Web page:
No matter how prepared a musician is, sometimes things don’t go as planned at showtime! This month we ask Riston Diggs, Alicia Previn, Joel Kmak, Sidney Merritt, Patrick Yandall, Dave Preston, Allison Adams Tucker, and more: What’s the strangest thing that’s happened while you were onstage?
John Borack (Author, Goldmine magazine/The Armoires): I was playing at a church carnival with Mike Simmons in our cover band project, Popdudes, when a bunch of folks in full-on clown costumes began line dancing in front of the stage… to a Beatles song. Strange days, indeed.
Riston Diggs (The Gravities): I was performing at one of the earlier shows in my career at a place called City Pub off El Cajon Blvd., formerly known as The Last Call. Everything was pretty normal until about halfway through the set when a man in the audience started walking toward the stage. As he continued to walk closer, I began to worry, like, man is this guy coming to attack me or something? Maybe, he’s offended by something I said in one of my songs. He then walked on the stage and reached his hand out to grab my microphone. This is all happening at the outro of the track I was performing, so I’m done with all the vocal portions of the song. Something in my mind told me to just hand him the microphone to avoid creating any more issues to go along with the fact that a stranger is now occupying the stage with me. He would go on to unleash a free-style rap that was actually pretty good. He even stopped rapping right at the time the track ended. He then handed me back the microphone, proceeded to walk off stage, and left the venue. I continued my set, and the night went well. But I never quite understood this strange interaction or saw the guy again.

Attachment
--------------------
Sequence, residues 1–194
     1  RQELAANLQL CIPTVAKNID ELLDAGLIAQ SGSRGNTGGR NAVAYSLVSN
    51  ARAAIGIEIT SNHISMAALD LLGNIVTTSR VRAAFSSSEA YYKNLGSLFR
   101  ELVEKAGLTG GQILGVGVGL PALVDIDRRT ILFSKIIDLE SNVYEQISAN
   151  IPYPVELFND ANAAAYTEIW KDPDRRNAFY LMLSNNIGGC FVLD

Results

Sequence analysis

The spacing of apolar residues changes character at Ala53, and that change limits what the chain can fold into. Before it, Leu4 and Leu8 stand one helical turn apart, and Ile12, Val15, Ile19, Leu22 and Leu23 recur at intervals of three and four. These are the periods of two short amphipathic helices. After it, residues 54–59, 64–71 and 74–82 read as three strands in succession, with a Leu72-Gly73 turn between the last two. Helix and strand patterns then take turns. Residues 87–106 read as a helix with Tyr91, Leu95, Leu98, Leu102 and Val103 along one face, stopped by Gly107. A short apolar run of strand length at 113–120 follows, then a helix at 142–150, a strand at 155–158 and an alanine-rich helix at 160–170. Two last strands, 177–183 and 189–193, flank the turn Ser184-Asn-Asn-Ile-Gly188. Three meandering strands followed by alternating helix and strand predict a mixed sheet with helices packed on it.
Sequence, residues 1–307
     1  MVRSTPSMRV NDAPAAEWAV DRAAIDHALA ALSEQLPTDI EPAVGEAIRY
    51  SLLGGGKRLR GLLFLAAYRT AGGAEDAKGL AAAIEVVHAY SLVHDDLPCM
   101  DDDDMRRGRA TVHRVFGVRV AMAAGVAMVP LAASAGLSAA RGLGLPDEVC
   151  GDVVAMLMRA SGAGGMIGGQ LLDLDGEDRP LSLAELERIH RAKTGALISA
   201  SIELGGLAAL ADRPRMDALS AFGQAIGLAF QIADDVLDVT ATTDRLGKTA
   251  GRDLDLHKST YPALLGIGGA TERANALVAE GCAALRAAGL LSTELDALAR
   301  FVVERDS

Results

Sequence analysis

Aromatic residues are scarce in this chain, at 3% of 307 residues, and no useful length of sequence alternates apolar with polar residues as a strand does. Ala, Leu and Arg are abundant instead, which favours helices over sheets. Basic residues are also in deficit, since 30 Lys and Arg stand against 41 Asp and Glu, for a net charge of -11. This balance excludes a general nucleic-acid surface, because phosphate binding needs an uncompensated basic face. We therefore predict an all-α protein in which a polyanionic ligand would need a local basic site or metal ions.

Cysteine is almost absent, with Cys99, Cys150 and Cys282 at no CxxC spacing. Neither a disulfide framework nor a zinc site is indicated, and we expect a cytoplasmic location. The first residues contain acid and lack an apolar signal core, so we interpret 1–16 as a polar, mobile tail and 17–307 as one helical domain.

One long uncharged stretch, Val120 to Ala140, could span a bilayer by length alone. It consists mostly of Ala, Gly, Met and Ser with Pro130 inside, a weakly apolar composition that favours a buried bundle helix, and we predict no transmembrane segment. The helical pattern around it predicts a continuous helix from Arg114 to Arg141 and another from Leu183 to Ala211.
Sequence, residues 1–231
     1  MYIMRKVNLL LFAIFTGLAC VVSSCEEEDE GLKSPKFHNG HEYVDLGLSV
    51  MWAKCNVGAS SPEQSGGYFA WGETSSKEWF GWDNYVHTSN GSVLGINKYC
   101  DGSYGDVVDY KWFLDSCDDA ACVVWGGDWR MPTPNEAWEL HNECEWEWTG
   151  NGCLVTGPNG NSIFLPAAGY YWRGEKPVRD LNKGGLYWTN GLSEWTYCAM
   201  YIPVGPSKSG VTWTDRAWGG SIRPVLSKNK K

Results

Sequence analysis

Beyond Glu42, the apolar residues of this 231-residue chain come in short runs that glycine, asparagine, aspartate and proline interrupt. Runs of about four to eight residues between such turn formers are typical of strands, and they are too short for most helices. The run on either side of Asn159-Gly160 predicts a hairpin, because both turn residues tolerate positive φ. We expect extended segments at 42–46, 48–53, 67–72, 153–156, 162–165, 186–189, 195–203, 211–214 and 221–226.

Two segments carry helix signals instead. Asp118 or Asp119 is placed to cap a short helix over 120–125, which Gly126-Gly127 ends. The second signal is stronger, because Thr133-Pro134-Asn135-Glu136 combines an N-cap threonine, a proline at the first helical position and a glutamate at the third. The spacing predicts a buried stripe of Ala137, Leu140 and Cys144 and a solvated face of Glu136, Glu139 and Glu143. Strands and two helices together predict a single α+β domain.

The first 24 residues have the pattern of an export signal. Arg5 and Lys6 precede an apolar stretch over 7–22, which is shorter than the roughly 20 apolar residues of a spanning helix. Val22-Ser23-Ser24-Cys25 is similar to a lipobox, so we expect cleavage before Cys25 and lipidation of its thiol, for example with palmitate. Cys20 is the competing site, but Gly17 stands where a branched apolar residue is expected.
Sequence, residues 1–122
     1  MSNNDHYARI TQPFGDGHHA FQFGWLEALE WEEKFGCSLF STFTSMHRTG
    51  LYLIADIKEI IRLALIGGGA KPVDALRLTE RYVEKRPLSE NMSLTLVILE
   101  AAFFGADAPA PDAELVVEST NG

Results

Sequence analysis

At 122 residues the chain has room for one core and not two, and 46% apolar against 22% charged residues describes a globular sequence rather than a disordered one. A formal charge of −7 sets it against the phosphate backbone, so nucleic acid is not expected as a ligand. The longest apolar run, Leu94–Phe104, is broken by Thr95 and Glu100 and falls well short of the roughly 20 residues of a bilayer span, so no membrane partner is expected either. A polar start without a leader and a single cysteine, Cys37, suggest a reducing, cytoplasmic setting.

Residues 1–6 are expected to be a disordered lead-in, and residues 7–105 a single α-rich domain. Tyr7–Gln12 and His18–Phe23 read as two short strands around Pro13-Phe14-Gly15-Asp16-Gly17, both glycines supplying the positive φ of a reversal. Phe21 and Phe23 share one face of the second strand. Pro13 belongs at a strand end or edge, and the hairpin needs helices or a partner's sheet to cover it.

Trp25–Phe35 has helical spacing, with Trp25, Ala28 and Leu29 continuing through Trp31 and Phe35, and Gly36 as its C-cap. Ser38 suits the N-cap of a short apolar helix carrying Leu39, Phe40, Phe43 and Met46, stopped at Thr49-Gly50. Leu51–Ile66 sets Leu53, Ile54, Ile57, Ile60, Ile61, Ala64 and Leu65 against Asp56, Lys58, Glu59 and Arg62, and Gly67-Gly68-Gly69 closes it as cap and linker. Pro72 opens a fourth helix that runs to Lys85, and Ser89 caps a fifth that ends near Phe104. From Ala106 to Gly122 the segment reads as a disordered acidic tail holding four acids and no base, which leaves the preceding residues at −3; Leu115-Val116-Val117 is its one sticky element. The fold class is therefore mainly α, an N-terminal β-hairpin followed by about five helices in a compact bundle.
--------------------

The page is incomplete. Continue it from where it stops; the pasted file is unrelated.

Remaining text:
Joel Kmak (The Farmers/The Hitmakers): In 1978, at a gig in Port Costa, a tiny town northeast of San Francisco, the Hitmakers were playing. The club/restaurant was small and a small contingent of punks had followed us up from East Bay and S.F. The Hell’s Angels showed up and a fight broke out. An Angel threw a punk into the dairy case and broke the glass doors. Both the punks and Angels started throwing quarts of milk at the stage! As we were playing we were dodging the containers that were splashing against the wall behind us. We exited the stage, took the gear off the stage, and ran to our hotel across the street and watched the carnage that had spilled out into the street from our second-floor rooms until the cops showed up and dispersed the crowd.
Sidney Merritt (Swive/Weenie Roast): When my band Weenie Roast was playing at OT Prices in Santa Cruz in 1988, Rebecka’s drum pedal broke in the middle of a song. We stopped, and she said, “I got this pedal at the Musicians’ Trading Post” and then the house lights turned off because the sound guy worked there. Everybody was laughing; it was pretty hilarious.
JT Moring: That time I played the Fair and they put me back in the garden area at sunset, then turned off all the lights. I was in the dark, playing for absolutely no one. Candye Kane, whom I had never met before, was around for some reason, and we later walked out to the parking lot together, her graciously letting me know that everybody in the business has had those kinds of days.